A child’s earliest years set the foundation for a lifetime of health, learning, and well-being. For 60 years, the Packard Foundation has worked to make sure that families have what they need to support their children’s health and development. While our grantmaking strategies have evolved over the years, our work has consistently focused on ensuring that children get a strong, healthy start so they can reach their full potential.

In recent years, Foundation grantees have contributed to impressive progress to support children’s health and development. Grantees have helped to expand universal preschool and transitional kindergarten programs in California and to strengthen the early learning education system, increase access to paid family leave, and expand health insurance coverage and access to quality health care nationally.

This progress is meaningful, but there is much work left to do so all families with young children can thrive. Today, Black, Indigenous, and Latino families face stark disparities in maternal health and child development outcomes. Most urgently, as the United States grapples with a growing crisis in maternal and infant health – with infant deaths on the rise for the first time in decades and maternal mortality more likely in the U.S. than in any other high-income nation – these same families disproportionally bear the burden. Pregnancy-related deaths are 2-3 times more likely for Black and Indigenous women compared with White women, and Latino families have experienced an increase in maternal mortality since the onset of COVID-19. These disparities are largely fueled by racial biases in the systems families turn to for support, making it difficult for families of color to get the tools and resources they need to ensure a strong, healthy start for their children.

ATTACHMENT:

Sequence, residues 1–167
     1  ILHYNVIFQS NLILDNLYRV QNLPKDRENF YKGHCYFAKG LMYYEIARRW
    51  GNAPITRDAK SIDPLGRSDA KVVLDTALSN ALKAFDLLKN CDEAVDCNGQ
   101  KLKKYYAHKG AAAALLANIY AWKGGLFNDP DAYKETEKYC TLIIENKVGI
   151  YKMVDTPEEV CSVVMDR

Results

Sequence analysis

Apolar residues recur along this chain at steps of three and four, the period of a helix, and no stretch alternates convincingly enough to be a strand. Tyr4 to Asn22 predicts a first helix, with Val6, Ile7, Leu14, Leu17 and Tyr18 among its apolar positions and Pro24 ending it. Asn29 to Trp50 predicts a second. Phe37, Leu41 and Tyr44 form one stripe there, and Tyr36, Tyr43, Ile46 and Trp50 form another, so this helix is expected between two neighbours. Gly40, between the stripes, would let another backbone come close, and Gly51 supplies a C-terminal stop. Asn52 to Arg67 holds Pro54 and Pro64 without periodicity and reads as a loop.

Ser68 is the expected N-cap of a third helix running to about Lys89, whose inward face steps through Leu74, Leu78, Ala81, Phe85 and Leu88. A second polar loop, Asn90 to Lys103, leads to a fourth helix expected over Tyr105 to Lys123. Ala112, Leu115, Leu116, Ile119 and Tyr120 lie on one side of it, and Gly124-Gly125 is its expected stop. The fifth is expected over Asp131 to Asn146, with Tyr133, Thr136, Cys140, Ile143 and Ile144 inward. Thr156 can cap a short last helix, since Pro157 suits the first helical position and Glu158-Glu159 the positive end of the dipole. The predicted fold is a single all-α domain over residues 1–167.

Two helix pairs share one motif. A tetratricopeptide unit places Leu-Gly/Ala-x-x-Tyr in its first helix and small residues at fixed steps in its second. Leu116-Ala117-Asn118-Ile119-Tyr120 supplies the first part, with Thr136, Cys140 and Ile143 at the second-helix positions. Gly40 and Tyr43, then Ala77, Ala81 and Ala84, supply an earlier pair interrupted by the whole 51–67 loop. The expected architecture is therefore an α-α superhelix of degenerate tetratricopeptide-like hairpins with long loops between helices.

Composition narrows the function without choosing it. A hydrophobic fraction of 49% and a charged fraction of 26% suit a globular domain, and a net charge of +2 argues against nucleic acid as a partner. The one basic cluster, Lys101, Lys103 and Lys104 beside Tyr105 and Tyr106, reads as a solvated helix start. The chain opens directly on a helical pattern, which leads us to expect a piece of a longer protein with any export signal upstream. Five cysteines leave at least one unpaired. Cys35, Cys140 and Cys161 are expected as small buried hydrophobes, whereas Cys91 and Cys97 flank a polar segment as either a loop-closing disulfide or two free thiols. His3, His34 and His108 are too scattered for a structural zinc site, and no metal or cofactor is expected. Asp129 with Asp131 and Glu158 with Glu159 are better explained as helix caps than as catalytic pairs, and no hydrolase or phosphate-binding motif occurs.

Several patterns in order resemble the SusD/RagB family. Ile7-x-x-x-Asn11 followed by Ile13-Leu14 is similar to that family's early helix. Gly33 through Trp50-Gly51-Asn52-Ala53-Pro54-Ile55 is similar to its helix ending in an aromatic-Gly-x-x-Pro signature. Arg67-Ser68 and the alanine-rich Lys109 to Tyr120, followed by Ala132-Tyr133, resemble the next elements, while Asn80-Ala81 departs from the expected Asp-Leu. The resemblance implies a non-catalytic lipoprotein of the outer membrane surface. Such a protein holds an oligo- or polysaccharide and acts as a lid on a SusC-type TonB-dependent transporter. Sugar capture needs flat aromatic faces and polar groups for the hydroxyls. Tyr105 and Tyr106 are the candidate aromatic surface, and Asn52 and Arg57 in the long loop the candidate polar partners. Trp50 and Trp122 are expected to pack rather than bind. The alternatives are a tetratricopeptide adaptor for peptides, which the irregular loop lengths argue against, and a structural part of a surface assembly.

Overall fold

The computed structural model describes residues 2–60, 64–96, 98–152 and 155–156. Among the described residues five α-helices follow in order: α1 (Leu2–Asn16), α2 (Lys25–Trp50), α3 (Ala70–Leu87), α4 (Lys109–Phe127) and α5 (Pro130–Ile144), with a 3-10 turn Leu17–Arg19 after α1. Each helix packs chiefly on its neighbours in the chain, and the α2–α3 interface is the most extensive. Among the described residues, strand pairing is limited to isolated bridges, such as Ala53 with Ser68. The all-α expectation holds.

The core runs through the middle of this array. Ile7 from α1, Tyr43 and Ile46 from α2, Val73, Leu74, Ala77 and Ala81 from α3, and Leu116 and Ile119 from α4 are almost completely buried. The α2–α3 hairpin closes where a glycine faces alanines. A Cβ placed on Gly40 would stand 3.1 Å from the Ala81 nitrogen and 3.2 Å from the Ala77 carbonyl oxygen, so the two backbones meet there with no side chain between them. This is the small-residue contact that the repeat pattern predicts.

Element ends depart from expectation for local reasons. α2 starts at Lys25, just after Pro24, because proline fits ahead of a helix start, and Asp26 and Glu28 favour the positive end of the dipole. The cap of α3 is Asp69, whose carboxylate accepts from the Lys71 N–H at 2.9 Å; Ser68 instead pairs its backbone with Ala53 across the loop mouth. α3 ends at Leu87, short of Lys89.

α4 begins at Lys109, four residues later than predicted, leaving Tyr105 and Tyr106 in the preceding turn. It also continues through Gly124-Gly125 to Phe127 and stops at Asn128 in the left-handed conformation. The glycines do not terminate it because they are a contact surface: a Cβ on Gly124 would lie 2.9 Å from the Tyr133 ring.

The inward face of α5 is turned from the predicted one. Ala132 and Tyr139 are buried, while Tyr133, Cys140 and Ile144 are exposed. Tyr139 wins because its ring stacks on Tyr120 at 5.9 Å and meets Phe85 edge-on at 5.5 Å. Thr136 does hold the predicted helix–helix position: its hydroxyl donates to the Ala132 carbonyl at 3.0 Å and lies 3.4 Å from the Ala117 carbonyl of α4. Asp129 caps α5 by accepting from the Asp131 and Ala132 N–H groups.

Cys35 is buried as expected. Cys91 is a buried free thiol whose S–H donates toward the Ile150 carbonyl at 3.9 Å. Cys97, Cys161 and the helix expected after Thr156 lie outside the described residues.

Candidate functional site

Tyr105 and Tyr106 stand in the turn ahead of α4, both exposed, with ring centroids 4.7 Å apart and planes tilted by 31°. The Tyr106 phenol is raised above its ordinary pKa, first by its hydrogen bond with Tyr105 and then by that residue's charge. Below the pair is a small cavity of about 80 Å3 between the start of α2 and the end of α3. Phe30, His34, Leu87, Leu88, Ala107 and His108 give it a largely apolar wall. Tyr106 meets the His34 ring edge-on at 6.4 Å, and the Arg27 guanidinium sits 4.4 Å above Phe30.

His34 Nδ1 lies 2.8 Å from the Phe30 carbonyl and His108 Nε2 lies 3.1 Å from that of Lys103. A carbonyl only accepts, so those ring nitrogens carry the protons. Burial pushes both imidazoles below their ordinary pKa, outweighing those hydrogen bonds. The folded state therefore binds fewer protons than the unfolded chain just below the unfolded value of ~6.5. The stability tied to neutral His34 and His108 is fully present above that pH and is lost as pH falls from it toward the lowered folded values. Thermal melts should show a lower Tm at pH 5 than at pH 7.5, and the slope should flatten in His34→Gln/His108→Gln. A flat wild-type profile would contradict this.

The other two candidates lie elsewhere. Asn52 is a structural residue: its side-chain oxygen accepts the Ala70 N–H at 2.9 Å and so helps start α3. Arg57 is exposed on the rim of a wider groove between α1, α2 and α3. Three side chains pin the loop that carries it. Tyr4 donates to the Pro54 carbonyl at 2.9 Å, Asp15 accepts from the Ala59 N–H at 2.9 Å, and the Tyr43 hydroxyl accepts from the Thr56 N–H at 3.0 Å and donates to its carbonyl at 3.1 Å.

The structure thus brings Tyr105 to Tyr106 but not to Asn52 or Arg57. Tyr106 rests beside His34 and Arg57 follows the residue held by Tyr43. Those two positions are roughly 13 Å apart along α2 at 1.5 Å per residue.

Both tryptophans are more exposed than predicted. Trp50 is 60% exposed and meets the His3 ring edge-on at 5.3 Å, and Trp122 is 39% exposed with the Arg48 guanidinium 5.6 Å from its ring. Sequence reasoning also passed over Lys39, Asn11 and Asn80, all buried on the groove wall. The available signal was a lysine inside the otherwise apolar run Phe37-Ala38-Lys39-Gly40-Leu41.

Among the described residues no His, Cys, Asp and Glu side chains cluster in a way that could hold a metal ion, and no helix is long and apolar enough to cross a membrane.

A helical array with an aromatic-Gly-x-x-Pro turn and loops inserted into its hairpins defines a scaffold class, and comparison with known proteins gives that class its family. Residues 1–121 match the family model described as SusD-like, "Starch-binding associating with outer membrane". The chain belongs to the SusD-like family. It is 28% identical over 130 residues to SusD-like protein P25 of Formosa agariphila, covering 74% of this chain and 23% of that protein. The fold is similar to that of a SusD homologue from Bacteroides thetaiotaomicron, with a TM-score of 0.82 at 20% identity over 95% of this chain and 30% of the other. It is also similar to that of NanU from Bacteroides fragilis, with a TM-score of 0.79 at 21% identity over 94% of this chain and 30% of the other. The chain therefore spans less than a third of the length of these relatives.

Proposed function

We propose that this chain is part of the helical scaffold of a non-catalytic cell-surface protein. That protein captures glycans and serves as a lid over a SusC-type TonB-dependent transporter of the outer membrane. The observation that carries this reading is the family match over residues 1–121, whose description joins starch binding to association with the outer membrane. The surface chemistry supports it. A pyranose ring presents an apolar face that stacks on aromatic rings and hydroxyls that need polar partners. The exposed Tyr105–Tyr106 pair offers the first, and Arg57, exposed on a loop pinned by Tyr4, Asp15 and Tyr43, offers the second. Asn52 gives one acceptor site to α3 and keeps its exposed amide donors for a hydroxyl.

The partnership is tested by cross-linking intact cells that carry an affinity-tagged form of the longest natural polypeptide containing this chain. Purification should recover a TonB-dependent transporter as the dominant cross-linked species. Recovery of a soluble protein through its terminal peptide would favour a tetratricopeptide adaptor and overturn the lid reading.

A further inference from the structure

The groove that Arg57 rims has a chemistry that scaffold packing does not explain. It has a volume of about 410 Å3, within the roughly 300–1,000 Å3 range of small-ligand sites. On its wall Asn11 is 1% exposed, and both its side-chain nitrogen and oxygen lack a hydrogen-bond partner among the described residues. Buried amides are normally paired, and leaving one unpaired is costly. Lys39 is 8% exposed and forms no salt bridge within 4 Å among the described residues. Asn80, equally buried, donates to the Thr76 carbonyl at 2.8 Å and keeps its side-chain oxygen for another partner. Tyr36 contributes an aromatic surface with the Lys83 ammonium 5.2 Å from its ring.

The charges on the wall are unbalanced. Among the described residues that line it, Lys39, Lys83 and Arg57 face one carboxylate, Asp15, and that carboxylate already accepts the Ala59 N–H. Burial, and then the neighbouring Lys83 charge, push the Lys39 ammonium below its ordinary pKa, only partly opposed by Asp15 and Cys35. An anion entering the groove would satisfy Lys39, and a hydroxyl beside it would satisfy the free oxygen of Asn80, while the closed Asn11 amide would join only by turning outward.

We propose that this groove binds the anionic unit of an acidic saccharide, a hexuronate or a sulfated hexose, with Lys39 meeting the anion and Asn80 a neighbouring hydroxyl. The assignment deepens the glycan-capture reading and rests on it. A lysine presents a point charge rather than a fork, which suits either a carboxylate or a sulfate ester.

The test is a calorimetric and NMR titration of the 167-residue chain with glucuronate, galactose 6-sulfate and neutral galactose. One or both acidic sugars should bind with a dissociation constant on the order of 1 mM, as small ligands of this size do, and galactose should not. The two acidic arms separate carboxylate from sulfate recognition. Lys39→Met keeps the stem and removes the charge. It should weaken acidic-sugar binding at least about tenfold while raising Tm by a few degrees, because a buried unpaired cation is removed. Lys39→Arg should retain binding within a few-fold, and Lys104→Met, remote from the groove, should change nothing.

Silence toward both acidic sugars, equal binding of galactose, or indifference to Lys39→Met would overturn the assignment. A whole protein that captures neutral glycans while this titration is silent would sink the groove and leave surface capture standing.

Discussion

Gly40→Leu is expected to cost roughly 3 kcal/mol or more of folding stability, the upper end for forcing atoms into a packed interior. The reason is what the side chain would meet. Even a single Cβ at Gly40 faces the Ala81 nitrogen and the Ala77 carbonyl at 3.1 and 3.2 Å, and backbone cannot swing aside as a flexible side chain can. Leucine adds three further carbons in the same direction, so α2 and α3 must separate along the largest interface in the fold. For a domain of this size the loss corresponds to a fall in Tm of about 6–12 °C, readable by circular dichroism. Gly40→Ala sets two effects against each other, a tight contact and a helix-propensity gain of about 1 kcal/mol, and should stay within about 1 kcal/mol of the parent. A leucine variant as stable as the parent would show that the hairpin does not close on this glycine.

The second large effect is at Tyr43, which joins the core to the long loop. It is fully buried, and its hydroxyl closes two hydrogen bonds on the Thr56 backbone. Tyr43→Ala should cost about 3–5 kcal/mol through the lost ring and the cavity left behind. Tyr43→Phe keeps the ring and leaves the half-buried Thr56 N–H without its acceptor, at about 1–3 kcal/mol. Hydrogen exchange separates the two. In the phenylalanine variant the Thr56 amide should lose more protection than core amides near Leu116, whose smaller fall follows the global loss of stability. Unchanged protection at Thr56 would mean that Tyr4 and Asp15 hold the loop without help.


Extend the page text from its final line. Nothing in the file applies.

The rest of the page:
Moving forward, the Foundation’s new Children and Families initiative will work to ensure the systems that support moms, families, and children are stronger, better connected, and more equitable. We will expand our focus on young children to include pregnant people and moms, recognizing that a healthy start for children begins with healthy moms and healthy births.

The Children and Families initiative will:  

  • Invest in community partners who are working on innovative approaches to reduce racial disparities in maternal and child health outcomes.
  • Bolster efforts to strengthen and connect the healthcare, childcare, and financial supports systems so there is no wrong door for a family to seamlessly access the quality care and support they need. 
  • Support a national advocacy effort to connect policymakers and government leaders with the research, data, and analyses they need to champion policies designed to support families with young children. 

Read the full article about children's health by Bernadette Sangalang at The David and Lucile Packard Foundation.